> >After all this discussing I still believe that the stored properties
> > should be used *only* on export, so that build tools see which data has
> > changed.
> Did that truly mean "only export"? Or "export and checkout"? Just
> trying to clarify your intent, not expressing an opinion at this
Well, as already discussed, it would work for checkout *only* if it was a
clean checkout (ie an entire tree, not single files - else the relative times
are wrong wrt make), and a checkout on source files normally means that I'm
going to work on them - which changes the timestamps to values not in the
repository (at least with the next update, which I take as given uses current
> Philipp, you're terrifying me. :-) Your proposal, so far, is to add
> at least three humongous new features:
> 1. so far, your patches have tried to create a new 'svn:' property
> for original timestamp preservation, so imports can remember the
> original unversioned mtime, rather than the commit-time. You've
> even proposed a whole new class of 'noneditable' properties
> living in the editable user space. (I think you started coding
> this before you realized we already non-editable 'entry' props
> living in .svn/entries... but still...)
> 2. You want a new property for binary-files that determines whether
> to use the commit-time or 'now' time.
> 3. Your solution requires property inheritance, which is another
> feature we don't have, and have discussed many times. (It's very
> *hard* to implement that, and it's been punted many times.)
To accomplish all goals and to give every user all that he wants takes some
But no. I don't suggest adding all these.
- AFAIK the entry-properties are living only in the wc and are not saved in
- I'd have this property for all files - not just binary.
- and the property inheritance is something I believed was already working -
at least I remember reading something in the book. But possibly I'm wrong.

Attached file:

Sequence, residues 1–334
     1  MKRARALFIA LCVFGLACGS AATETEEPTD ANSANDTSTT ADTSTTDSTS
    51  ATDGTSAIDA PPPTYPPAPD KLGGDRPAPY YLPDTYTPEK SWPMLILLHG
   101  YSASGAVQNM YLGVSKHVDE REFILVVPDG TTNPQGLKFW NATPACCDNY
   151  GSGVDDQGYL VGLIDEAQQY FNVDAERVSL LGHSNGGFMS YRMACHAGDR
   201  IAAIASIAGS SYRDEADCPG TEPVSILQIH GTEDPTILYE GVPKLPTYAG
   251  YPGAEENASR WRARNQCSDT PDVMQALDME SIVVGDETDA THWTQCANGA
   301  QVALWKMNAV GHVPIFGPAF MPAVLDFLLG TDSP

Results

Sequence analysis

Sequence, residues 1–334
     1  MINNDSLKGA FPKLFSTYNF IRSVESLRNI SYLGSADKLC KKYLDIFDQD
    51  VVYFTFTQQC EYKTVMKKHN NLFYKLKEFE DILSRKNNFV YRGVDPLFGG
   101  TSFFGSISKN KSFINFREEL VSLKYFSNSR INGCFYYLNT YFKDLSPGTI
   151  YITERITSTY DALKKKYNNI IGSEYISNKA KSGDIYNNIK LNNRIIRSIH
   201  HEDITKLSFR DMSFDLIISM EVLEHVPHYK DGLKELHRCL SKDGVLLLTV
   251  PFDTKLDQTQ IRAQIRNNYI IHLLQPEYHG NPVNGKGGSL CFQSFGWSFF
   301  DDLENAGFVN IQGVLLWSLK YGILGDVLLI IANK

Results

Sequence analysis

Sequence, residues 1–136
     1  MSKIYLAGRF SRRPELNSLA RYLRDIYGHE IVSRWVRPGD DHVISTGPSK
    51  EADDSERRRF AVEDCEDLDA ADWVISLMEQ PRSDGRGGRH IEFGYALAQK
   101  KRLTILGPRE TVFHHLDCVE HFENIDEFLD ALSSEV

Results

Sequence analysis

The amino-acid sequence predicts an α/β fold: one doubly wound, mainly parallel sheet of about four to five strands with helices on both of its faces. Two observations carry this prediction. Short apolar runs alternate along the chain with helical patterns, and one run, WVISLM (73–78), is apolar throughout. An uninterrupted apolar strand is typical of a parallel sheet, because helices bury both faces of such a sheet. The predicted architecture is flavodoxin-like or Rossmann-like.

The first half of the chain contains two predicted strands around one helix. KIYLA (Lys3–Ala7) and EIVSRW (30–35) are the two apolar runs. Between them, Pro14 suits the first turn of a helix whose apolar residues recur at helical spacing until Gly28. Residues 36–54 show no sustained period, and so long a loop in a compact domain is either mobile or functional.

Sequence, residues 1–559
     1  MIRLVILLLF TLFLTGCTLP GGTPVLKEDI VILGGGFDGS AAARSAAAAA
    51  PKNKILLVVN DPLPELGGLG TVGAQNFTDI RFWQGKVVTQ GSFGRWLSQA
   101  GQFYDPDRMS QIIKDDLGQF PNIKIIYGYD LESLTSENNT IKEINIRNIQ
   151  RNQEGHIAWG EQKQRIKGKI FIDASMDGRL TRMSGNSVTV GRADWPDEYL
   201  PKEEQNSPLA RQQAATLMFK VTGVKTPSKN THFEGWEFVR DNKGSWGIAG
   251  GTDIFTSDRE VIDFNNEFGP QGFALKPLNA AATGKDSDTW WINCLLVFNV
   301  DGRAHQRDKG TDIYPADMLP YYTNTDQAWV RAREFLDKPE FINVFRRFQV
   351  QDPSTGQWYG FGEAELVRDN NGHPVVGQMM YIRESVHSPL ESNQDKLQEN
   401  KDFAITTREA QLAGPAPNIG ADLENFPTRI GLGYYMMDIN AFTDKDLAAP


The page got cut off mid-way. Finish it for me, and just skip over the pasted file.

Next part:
As I myself don't see an easy way to do this I'd leave it for now. Maybe it's
easier to use a wc-property which can be easily be set in all directories at
checkout time, and on subdirectory creating inheriting from the parent.
> At the moment, I still feel like the best solution is to mimic the CVS
> * it keeps developers and release-managers happy 90% of the time, and
> easily ignorable by people who don't care.
> * no surprises for former CVS users.
> * it only requires extremely trivial code changes; no new
> properties, no stored properties, no huge new features. Just a
> small tweak to libsvn_wc.
> In other words, it's a path of very low resistance, but still
> "scratches the itch" of timestamps pretty effectively.
> Phillip, can you talk about why you like/dislike the CVS behavior?
It's the problem of files ordering. I have to administer a whole lot of files,
which are a) binary b) not modifieable by me c) have to have their timestamps
correct as issued to me (because a timestamp-based copy (update only newer
files) is needed).
I don't like that CVS makes binary handling hard, that the files are
independent from each other, and that the timestamps are not saved.
I got attracted by svn because it handles binary files without the user, saved
*only* the binary changes (which makes a whole lotta difference if you've got
40 nearly identical versions of a 70MB binary file :-). Complete tree states
are saved (which I *really like*), commits are atomic (say goodbye, cvs ...)
and it promises that file meta-data is saved (I remember something about
possible acl, timestamps, access rights, ... save/restore support).
In short, everything that svn tries to do better than cvs.
As I learned that svn doesn't do timestamps (which I require), I set out to
implement them. I know that the decision is not easy - but I got some
responses telling me that mtime restoration is needed not only by me.
So I'm perfectly happy if the default behaviour is to mimic CVS; but I need
something to give consistent snapshots with at least mtimes to other people.
(At least for export - in my wc the meta-data is not as important)
So, seeing it one way, I read a promise from svn lips, which it doesn't hold
right now :-)
My question is now - if the current implemented behaviour - ie. restoration on
export, saving on import, add, commit, a "hidden" svn property - is given to
you as a patch, remarks included, no changes to the "update" functionality
(apart from hiding the property) -- are there any wishes, remarks, comments,
etc., or is there at least a 50:50 chance that someone looks at the patch?
Please, please! |-\
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Received on Thu Jun 26 07:43:50 2003